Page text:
As ThinkProgress has previously noted, there is a radical strain of conservativism, dubbed “tentherism,” that invokes the Tenth Amendment to claim that a whole host of uncontroversial federal government programs — like Social Security and Medicare — are unconstitutional. Sen. Mike Lee (R-UT) has even adopted this philosophy to claim that child labor laws are not permitted by the Constitution.
Now, in an interview with Streetsblog Capitol Hill, one radical conservative has declared yet another common public good to be unconstitutional: bike paths. In an interview about federal transporation issues, Streetsblog asked Rep. Duncan Hunter (R-CA) about supporting legislation that would support things like bike trails. Hunter responded by saying that he doesn’t “think biking should fall under the federal purview of what the transportation committee is there for. If a state wants to do it, or local municipality, they can do whatever they want to. But no, because you have us mandating bike paths, you don’t want either.”
Streetsblog followed up by asking if he was okay with “mandating highways.” Hunter responded by saying that he doesn’t “see riding a bike the same as driving a car or flying an airplane” because “it’s more of a recreational thing”:
STREETSBLOG: I was just in an [Environment and Public Works] Committee hearing and there was some talk about the fact that some small amount of money in the [transportation] reauthorization historically gets used for things like bike trails. Some people think that’s waste; some people think biking is a mode of transportation. What do you think?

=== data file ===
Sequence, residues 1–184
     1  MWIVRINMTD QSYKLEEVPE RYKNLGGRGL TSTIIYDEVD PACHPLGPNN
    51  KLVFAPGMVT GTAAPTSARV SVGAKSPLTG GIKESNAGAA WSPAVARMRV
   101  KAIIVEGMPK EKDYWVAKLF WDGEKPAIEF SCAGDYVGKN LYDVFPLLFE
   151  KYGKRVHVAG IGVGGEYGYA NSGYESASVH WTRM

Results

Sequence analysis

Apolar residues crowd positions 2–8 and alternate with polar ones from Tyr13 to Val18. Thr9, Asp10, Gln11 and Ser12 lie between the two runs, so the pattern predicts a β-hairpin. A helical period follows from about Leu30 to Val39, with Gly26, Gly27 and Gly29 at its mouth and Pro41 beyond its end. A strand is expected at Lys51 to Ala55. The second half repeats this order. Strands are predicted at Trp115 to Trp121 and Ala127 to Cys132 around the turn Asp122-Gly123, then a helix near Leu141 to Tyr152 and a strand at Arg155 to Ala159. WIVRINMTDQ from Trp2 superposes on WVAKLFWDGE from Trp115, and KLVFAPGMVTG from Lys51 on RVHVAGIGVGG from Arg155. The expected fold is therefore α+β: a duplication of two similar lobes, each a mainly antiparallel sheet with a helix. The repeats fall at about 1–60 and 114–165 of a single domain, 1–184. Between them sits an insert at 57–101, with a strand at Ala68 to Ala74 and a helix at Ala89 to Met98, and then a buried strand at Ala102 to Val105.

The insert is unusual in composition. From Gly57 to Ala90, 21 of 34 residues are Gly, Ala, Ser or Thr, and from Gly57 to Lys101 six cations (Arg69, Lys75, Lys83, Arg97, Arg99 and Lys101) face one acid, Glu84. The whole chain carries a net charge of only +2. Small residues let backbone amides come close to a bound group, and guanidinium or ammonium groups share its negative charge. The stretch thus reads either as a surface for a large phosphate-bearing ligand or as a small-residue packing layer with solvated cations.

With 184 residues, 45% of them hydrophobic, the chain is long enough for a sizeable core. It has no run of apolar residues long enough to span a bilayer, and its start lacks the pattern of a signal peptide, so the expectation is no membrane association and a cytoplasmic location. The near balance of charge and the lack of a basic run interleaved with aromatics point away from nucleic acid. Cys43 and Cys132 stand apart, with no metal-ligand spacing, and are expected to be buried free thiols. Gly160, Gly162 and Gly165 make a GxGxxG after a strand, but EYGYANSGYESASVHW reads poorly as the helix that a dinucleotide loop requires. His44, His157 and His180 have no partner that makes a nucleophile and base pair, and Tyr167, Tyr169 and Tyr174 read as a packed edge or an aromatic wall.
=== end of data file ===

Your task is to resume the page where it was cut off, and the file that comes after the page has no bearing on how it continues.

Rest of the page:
HUNTER: I don’t think biking should fall under the federal purview of what the Transportation Committee is there for. If a state wants to do it, or local municipality, they can do whatever they want to. But no, because then you have us mandating bike paths, which you don’t want either.
STREETSBLOG: But you’re OK with mandating highways?
HUNTER: Absolutely, yeah. Because that’s in the constitution. I don’t see riding a bike the same as driving a car or flying an airplane.
STREETSBLOG: How is it different?
HUNTER: I think it’s more of a recreational thing. That’s my opinion.
Hunter’s argument is puzzling. Neither highways nor bike paths are explicitly spelled out as government powers in the U.S. Constitution. Rather, both are justified by the General Welfare clause, which allows the government to “promote the general welfare” of the American people. Earlier in the interview, Hunter cited the postal clause of the Constitution as allowing for specific authorization for Congress to authorize certain forms of legislation. Yet this clause in question specifically cites the ability to fund “postal roads” — meaning that highways would not be considered, given that the postal service at the time obviously did not use automobiles, which would require highways.
And for the record, biking isn’t only “recreational.” In 2000, the Census found that nearly half a million Americans bike to work. In cities like Portland up to 4.4 percent of all commuter trips are made via bicycling. It’s likely that even more Americans would utilize bicycles if bike-friendly paths and lanes were expanded across the country. But that would hinge on legislators not falsely believing them to be unconstitutional like Hunter.